Observations from my weekly crop scouting are showing a mixed bag of findings. Mid-May corn is still looking good with good pollination and low disease pressure. Corn that had fungicide is looking the best. Other fields that did not have fungicide are showing more instances of anthracnose and other issues that appear to be Gibberella.

Late-May corn has problems with tip-back pollination of about a 2-inch tip-back, which could mean a 20- to 30-bushel decrease in yields. It also is showing that anthracnose is present. Early-June corn is at the end of pollination, and at this point it showing better pollination than the late-May corn, which is unusual. Leaf disease in all groups of corn has been minimal, showing only light infestations of leaf rust, gray leaf and some northern leaf blight.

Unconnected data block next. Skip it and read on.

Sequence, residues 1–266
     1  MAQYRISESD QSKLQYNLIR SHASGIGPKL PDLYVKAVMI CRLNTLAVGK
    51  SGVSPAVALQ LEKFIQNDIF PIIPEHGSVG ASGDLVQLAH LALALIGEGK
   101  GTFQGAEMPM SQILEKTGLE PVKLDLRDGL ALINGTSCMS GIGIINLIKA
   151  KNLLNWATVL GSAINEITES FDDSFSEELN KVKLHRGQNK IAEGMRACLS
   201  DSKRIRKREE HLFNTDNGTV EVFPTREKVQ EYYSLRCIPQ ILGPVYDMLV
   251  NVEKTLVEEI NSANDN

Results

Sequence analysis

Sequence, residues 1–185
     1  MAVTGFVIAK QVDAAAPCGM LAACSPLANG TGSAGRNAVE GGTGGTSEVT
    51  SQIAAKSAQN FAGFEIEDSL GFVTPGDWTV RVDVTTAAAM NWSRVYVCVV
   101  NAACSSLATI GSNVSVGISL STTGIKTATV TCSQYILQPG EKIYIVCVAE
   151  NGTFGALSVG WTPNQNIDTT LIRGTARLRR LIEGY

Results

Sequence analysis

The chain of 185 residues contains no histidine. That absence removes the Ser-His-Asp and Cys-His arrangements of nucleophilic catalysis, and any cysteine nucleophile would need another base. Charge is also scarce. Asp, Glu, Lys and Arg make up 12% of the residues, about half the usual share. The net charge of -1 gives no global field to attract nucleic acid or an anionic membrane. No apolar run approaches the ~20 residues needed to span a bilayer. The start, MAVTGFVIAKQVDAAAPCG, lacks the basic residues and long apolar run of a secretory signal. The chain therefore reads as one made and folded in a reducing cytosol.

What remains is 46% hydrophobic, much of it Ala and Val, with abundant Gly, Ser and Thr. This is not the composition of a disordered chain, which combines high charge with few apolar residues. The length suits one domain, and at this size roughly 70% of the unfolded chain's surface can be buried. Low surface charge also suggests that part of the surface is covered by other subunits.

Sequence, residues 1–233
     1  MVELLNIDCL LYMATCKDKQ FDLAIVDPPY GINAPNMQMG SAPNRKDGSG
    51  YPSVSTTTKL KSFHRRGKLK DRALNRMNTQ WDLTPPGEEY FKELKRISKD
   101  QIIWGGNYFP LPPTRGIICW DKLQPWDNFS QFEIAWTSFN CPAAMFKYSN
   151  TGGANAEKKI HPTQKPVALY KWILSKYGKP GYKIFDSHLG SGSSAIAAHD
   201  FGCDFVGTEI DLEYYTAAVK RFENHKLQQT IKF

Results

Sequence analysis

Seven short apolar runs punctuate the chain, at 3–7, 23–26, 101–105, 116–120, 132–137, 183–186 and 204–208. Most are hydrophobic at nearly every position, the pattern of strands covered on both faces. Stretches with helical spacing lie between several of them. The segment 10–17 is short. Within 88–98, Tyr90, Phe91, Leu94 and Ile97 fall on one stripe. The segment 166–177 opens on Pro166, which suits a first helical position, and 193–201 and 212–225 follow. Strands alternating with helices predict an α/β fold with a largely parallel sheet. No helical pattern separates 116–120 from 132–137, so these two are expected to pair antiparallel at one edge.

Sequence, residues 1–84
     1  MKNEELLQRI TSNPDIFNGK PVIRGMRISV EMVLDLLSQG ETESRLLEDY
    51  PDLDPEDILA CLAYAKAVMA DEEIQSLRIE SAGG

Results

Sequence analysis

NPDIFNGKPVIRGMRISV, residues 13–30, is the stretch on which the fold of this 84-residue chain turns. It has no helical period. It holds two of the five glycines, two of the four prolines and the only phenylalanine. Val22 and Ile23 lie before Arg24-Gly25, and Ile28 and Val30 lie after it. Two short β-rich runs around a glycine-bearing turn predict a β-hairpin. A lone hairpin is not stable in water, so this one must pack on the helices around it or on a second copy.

Soybeans are another story in itself. Early on, soybeans had wet feet, which they don’t like. They have had a disadvantage with the use of certain residual herbicides combined with the wet feet. They have been slow to grow because of this and, combined with the cooler-than-normal temperatures, are behind. Insect feeding in soybeans has been minimal, but there has been some activity. Disease pressure has been minimal with a little frogeye, downy mildew and low instance of brown spot.

I had the opportunity to attend the University of Illinois Agronomy Day, where one of the leading researchers commented on soybeans’ slow progress of development at this point. The fear is that with the late planting and the lack of heat units and the potential of early frost, there may be a shortfall in the soybean crop, but time will tell with how the weather performs from here until harvest.